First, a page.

Posts Tagged ‘DNTO’
Have you ever heard something that made you shake your head in disbelief and laugh at the same time?
I had one of those experiences today. Earlier this year, a high ranking cleric in Iran, Hojatoleslam Kazem Sedighi, stated “Many women who do not dress modestly … lead young men astray, corrupt their chastity and spread adultery in society, which (consequently) increases earthquakes.” Did you catch that last part? Increases earthquakes? Wah? That would be the head shake part.
Then a woman decided to test the theory. Jen McCreight called it Boobquake. Through Facebook and Twitter 200,000 women the world over participated in the “experiment” by wearing cleavage bearing outfits to test if earthquakes would increase. Surprisingly, there was no change in earthquake activity. Now that makes me smile and boobquake, come on, that’s funny!
What’s not so funny is that we women still have to fight to prove that we have the right to dress as we like and be who we are. As Jen said on an interview today on Your DNTO on CBC radio, the attempt to keep women covered is an attempt to minimize their power.
Yes, YES! Women are still being told to hide who they are and to be ashamed of their bodies because the powers that be (mainly men) know that if we are let loose, the world will change. We won’t cause earthquakes, but the earth will quake! When women truly own the power of who they are they use their power for good. They bring people together in wonderful ways. They nurture and create. They encourage others to grow and make a difference in their world.
So what are we afraid of, people? Couldn’t the world – and our immediate circle – use more of those things? If it takes a little cleavage to make it happen, wear that v-neck and make it happen!
Own who you are. Love your body. Love yourself. And, by extension, love everyone you come into contact with and make the earth move, baby. You have the power!
Once upon a time there was a day when we were careful about the pictures we took. It cost a small fortune to buy film and get the prints developed. Then, when we finally got them back quite some time after the initial event (depending on how diligent you were about taking in your rolls), we would find that most of those “great” shots were blurry or poorly framed or badly lit and there was nothing we could do about it. The moment was lost, there was no photoshop.
I have envelopes and envelopes of pictures that I’m disappointed with. Memories that only mean something to me because I remember what it should look like – or at least my faulty recollection of it.
On the other hand, there was also the chance that within those bad or mediocre pictures there could be a gem. So many of the shots we now look back at fondly (or with laughter) are ones we may have deleted if we had had the technology. I was not very happy with the way I looked most of the time when I was younger, but I love looking back at my old birthday party pictures and other family events as much to see how much we all have changed as to see the crazy things we used to think looked good!
I have a picture of myself on my 7th birthday. I have a Snoopy cake in front of me. I look pretty proud. It was the only year my mom made a complicated birthday cake and it was special. Plus I have crazy curly hair, which has to be a perm since my hair is bone straight, and a gorgeous flowery 70’s dress on a background of orange. Ahhh, those were the days.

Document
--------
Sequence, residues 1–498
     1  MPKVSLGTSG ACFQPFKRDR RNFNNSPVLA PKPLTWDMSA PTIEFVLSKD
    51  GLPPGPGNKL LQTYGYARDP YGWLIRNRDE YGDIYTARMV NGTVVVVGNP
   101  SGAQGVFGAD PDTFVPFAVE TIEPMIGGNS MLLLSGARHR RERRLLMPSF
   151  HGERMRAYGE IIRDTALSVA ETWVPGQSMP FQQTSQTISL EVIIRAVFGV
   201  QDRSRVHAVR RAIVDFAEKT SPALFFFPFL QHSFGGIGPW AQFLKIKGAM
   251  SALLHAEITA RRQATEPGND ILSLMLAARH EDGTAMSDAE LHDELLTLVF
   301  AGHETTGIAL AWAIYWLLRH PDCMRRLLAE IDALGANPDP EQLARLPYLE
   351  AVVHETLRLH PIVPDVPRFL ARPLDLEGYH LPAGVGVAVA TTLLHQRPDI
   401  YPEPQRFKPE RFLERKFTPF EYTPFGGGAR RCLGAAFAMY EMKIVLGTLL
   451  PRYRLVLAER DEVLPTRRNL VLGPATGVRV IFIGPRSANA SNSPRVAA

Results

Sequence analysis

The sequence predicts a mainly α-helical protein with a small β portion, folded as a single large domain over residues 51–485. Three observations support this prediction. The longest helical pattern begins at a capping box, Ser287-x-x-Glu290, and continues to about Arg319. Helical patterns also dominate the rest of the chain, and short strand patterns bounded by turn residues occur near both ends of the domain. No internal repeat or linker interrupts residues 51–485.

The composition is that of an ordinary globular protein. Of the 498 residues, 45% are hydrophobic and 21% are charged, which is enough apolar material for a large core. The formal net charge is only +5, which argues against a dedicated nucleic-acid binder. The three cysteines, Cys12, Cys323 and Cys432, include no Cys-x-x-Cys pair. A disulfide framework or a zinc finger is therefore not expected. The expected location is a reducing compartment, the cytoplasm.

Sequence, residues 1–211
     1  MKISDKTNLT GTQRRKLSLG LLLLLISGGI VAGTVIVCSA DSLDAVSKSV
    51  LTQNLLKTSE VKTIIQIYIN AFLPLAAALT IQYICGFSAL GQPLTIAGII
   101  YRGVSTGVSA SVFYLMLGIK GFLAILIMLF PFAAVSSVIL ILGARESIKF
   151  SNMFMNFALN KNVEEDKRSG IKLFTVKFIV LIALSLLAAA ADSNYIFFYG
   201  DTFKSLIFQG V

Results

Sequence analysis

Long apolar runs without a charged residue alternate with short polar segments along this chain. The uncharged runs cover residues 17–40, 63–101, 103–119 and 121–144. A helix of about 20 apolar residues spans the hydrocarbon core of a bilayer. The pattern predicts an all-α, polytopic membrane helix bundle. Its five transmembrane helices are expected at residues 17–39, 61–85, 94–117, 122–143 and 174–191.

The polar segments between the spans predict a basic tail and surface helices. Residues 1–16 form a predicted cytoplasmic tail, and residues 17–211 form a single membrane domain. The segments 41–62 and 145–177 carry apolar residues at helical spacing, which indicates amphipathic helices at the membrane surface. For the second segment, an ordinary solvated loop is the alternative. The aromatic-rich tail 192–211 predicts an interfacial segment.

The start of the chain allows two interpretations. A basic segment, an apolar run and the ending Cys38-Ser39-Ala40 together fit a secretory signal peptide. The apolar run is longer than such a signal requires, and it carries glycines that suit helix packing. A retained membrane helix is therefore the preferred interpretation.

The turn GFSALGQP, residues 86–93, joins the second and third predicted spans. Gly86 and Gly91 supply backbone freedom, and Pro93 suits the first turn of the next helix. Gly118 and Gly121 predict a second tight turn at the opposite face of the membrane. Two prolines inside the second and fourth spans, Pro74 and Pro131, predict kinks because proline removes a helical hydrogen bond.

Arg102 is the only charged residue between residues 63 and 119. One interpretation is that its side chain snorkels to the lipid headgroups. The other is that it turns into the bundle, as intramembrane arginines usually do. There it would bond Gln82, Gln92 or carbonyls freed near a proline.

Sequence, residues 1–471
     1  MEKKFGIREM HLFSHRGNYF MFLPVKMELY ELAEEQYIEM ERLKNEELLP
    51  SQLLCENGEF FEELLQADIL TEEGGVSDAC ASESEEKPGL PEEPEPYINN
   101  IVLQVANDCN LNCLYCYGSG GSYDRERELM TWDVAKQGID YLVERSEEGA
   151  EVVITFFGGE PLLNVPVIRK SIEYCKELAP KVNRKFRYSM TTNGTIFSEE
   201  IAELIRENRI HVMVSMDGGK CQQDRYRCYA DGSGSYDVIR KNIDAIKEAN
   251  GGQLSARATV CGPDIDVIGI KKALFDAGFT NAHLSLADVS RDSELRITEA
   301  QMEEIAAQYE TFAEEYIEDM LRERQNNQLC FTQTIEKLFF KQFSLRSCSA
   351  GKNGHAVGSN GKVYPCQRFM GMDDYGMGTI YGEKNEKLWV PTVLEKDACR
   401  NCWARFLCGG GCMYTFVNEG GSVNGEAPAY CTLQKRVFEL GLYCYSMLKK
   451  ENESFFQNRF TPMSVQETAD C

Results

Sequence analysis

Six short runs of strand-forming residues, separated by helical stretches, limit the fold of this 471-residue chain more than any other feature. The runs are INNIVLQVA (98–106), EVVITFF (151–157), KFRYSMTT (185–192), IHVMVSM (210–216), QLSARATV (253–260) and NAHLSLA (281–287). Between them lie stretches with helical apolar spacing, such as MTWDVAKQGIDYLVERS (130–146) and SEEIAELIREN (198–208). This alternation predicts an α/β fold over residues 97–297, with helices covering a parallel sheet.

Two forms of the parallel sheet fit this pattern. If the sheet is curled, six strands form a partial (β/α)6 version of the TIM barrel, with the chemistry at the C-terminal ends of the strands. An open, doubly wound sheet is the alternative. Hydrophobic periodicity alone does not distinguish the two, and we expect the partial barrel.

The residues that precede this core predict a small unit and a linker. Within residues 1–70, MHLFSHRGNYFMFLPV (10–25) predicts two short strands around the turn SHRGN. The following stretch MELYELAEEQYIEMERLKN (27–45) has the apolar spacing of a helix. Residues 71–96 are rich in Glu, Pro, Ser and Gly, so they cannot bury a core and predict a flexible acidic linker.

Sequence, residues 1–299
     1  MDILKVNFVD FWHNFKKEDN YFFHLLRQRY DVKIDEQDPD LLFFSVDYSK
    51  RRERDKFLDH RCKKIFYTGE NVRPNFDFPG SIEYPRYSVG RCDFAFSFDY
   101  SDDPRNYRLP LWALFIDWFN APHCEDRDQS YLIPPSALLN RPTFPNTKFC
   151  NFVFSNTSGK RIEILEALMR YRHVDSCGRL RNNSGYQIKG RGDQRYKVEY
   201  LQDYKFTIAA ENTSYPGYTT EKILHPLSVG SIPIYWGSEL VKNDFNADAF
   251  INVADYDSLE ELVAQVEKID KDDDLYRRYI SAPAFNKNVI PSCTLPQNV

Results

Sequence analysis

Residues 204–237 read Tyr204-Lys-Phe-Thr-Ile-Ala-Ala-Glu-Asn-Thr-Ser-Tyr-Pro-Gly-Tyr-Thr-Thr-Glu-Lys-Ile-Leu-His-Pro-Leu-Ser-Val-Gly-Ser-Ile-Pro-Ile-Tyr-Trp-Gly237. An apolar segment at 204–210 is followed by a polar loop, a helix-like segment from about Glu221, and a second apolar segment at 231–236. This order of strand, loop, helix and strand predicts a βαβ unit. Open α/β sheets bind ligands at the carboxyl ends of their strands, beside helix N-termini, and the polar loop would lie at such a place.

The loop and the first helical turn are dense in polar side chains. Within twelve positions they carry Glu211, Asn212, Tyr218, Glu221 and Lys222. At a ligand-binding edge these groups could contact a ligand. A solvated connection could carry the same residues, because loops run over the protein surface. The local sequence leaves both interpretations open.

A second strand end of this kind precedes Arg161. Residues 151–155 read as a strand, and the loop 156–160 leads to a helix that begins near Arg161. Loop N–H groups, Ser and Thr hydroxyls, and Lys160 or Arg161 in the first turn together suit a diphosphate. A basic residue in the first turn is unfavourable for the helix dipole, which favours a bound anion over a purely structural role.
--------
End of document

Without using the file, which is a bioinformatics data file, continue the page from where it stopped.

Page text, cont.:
On DNTO today on CBC Radio they dedicated the show to pictures.
They spoke to a man who found a picture when he and his soon to be wife were looking for interesting pictures for the wedding. They came across this picture of his fiance and her family in Disneyland. As he looked at it he realized that the man in the background with the stroller was his Dad. His family was there at the same time! What are the odds that the picture would be taken at that exact moment for them to find 15 years later.
I can just see a family taking that picture now and going “Oh, little Johnny isn’t looking at the camera. Let’s delete this one and take another one.” The kismet moment would have been lost forever!
Another story is of photographer Marc Bence hired to capture Brad and Angelina when they were in the Edmonton area to shoot The Assassination of Jesse James by the Coward John Ford. Through a real stroke of luck he got a photo that ended up fetching $100,000.
Imagine making that kind of money for a picture of a couple going to Safeway! Being in the right place at the right time is what photography is all about. All great photographers say that so much of their job is luck. You can plan a shoot, plan every piece from wardrobe to props and lighting and it will be the impromptu surprise shot that will be the winner.
Photographer Thomas Hawk did a $2 Portrait project. He offered homeless people $2 to participate in a photo shoot then had a conversation with them and snapped their pictures. He got to hear some great stories and realized that they, like us all, just want a human connection.
Pictures can be so revealing. When we start to “fix” or change them for the better, they often lose some of their truth and poignancy. There’s a lot of truth in the saying “a picture is worth a thousand words”. That one moment captured for all time can tell us so much.
We rarely really notice what is going on around us, or even inside us, so pictures help us take the time to really see those details. They are worth taking some time with, being careful with, treating like gold. They aren’t a commodity, they are gems.
Pictures are us. We deserve to be noticed, to be treasured. Treasure yourself, your family and your moments whether recorded on film, digital media or in your mind.
Hugs to you all.
Be Beautiful, Be YOU